Jonathan Morgan

We interviewed psychedelic rock guitarist, vocalist and composer Jonathan Morgan to discuss his latest EP, psychedelic rock and mysticism.

Interview by Jane Howkins.

You’ve been releasing your own music since 2013, and last year you signed a record deal with Kundry Music – a sub of Duo Box Records. How did that come about? It must be rewarding to get some recognition for your work.

It was easy! I just received a message from them one day. They said they really appreciate my work and they asked me if I’d be interested in being signed by them so, of course, I agreed. They’d surely been checking me out at my SoundCloud address.

Duo Box Records are known more for their work with dance artists. Was it a surprise that one of their subs decided to sign you, and were you into any of the acts associated with the label at the time?

Yeah, I noticed this. It seems that I may be the only rock and/or metal artist on the label. It was fairly surprising, yes, after I looked at their website and links. They must really like my sounds. And no, I’d never heard of their label before. I’d like to check out some of their electronic releases but they just put out a phenomenal amount of music every month so I wouldn’t know where to start.

You released an EP with Kundry Records in September 2016 called Soul Fire Burning. How different was it to release that on a label, and what changed about the writing and recording process?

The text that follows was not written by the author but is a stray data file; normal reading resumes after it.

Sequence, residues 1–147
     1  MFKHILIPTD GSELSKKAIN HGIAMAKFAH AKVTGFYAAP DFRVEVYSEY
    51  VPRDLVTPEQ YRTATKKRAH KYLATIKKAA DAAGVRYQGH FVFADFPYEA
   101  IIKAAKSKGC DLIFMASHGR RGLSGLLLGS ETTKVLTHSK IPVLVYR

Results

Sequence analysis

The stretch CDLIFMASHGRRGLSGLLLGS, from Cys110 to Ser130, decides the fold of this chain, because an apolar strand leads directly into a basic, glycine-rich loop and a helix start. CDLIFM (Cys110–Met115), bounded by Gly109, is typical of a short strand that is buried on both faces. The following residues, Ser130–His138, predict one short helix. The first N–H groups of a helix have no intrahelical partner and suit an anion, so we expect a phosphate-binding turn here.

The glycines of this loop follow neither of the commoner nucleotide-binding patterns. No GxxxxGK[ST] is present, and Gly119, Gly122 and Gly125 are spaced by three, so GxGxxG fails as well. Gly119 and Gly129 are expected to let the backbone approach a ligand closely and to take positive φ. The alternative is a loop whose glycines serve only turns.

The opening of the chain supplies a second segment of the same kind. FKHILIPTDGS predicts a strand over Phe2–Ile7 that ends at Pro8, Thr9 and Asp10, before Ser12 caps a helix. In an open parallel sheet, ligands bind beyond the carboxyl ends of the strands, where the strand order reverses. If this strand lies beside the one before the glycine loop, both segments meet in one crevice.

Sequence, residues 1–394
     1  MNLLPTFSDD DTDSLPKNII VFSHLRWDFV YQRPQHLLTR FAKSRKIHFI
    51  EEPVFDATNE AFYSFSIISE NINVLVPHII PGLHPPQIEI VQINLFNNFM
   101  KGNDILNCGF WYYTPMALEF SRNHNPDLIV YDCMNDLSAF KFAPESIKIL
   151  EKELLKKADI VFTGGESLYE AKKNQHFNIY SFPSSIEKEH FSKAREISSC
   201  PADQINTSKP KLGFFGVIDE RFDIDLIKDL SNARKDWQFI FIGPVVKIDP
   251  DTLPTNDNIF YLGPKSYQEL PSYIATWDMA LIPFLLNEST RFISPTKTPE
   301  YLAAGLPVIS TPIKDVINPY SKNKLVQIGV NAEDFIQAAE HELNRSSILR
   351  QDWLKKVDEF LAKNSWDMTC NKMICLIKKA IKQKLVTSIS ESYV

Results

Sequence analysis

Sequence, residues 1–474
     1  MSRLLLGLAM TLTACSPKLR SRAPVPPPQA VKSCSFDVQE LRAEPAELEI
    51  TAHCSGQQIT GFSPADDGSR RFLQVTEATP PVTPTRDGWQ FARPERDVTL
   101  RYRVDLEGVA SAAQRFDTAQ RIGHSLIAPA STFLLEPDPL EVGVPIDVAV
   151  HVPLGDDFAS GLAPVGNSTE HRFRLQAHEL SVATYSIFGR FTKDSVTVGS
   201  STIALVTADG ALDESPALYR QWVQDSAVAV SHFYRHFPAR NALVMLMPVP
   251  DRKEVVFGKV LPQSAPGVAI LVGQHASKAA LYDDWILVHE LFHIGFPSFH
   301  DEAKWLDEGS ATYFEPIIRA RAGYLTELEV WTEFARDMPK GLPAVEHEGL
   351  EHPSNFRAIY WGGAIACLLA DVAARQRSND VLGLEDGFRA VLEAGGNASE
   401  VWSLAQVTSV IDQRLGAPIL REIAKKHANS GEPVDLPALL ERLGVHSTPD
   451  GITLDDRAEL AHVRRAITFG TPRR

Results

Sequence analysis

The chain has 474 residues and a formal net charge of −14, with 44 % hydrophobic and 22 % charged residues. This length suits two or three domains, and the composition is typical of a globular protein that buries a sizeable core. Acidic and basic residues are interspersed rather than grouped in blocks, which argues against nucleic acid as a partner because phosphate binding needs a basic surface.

The songs had already been written and recorded long before Kundry Music contacted me. I had plenty of musical material, but choosing the right tracks for the EP took some time. Two tracks on the EP are from my self-released EP entitled Protégé, by the way. I messed around with different tracks and then different track orders for quite a while until I settled on the ones on the E.P. The songs Great Architect, and Ineffable Woman are exclusive to the Soul Fire Burning EP.

You’ve just released an EP called The Bells Of Divinity, which we will be reviewing shortly. What can you tell us about that, and where would be the best place for our readers to find your music?

The Bells of Divinity is one of my very best works to date. The sessions for it were really enjoyable, fun, and focused, and it produced much contentment and joy. I personally think that the second track, Persian Astral is one of the very best songs I’ve ever produced, and the final track, To Swim in the Ocean of Becoming just made me so happy and I love it dearly. I even bought some finger cymbals to add to the EP, which can be heard on Persian Astral, and Perseverance. I’d wanted to go in a more exotic sounding direction for quite a while.
Currently, SoundCloud is the best place for people to listen to The Bells of Divinity because it’s not yet been added to my Bandcamp profile discography. Soon it will be, with brand new artwork from regular collaborator 20 Twenty Vizion who did the artwork for The Clearing Mist and a few other releases of mine.

The music you play would best be described as psychedelic rock, and you refer to yourself online as a psychedelic rock guitarist. When recording, do you play the rest of the instruments, or do you have others help you?